Mass graves tell the story of exploitation and genocide

Statement by the Communist Party of BC, May 31, 2021

The discovery of 215 children’s bodies buried on the grounds of the Indian Residential School in Kamloops has sparked a wave of deep sorrow and anger across Canada, which has a centuries-old history of committing genocide against Indigenous peoples. As the Truth and Reconciliation Commission reported six years ago, at least 6,000 children were known to have died in these schools, and many others were not yet counted. The death rate among the 150,000 or more children forced into these institutions was over one in 25, higher than among Canadian troops who fought in the Second World War.

The Communist Party of BC joins with many other movements and organizations calling for meaningful action to end the racist legacy of colonialism and capitalism in this province and across the country. Official apologies, inquiries that result in recommendations largely ignored by governments, legislation that evades the fundamental issue of the theft of Indigenous lands – these measures were never sufficient, and the latest expressions of sadness from Premier John Horgan and Prime Minister Justin Trudeau ring completely hollow.

The news from Kamloops proves again that the residential schools were instruments of assimilation and genocide by a Canadian imperialist state which was literally built on the foundations of colonial empires. The drive to seize the lands and resources of the northern half of Turtle Island began over five hundred years ago, and has never relented.

This is a story of violent displacement of original inhabitants across vast territories, and treaties signed but soon violated and ignored by the colonial powers and then the Canadian capitalist state. In the name of creating “a white man’s country”, lands which were never surrendered – including most of modern day British Columbia – were simply occupied while Indigenous nations were forced onto small reserves. Cultural genocide took many forms on the west coast, such as the potlach ban, denial of fishing and hunting rights, and religious conversions.

The residential schools were a deliberate instrument to weaken collective resistance to the massive resource theft by the Canadian capitalist class and US-based energy monopolies. Forbidden to speak their own languages, these children suffered hunger, cold, physical beatings, and sexual and psychological abuse. Those who fled were brutally punished, and the families of those who died were often not even informed.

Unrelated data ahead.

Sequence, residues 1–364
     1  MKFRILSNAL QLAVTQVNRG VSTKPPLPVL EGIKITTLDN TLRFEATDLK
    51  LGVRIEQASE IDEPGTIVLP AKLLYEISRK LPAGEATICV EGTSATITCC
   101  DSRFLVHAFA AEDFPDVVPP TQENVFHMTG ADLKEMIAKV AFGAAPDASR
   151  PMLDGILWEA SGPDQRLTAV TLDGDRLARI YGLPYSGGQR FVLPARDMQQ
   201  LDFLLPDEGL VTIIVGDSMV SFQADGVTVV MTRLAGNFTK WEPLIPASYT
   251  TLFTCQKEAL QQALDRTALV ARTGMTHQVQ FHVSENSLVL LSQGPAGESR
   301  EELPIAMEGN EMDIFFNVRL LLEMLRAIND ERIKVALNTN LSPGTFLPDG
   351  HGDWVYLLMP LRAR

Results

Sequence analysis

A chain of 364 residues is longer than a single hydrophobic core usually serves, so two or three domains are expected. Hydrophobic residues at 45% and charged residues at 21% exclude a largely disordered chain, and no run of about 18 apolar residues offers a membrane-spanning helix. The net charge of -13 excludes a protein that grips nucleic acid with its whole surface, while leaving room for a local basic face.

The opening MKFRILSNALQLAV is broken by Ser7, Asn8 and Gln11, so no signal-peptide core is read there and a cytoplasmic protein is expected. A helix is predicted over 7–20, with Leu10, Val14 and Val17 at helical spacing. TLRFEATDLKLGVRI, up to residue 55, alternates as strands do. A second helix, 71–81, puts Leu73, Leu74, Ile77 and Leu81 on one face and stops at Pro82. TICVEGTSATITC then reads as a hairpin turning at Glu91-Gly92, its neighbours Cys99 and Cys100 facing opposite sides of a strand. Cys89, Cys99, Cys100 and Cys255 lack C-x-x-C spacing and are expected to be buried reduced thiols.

Since the TRC report and the adoption of the UN Declaration on the Rights of Indigenous Peoples, Canadian politicians have uttered many high-sounding words about reconciliation. But the federal Liberal government still refuses to end its racist discrimination against Indigenous children in care, and similar issues of unfair treatment of Indigenous children and youth continue in British Columbia. Both the Liberals and the Horgan NDP give massive taxpayer support for fossil fuel pipelines and hydro dams, in violation of Indigenous treaty rights and the UNDRIP requirement of informed consent for such projects. The Horgan government’s refusal to protect old growth forests at Fairy Creek on Vancouver Island is yet another example of its true priorities.

It has always been the case in Canada that corporate profits and wealth are the guiding principle of governments, not the interests of Indigenous children. The Communist Party of BC calls on the Horgan government to take immediate concrete action: cancel the Site C dam and LNG projects, take serious measures to improve living conditions in Indigenous communities, and restore so called Crown lands to their rightful owners, the Indigenous nations. On a Canada-wide scale, the TRC demand for a full and complete accounting of all deaths in Residential Schools must be an immediate priority for all governments.

(NOTE: The Indian Residential Schools Crisis line number, 1-866-925-4419, is available 24-hours a day for anyone experiencing pain or distress as a result of personal or family members’ residential school experiences.)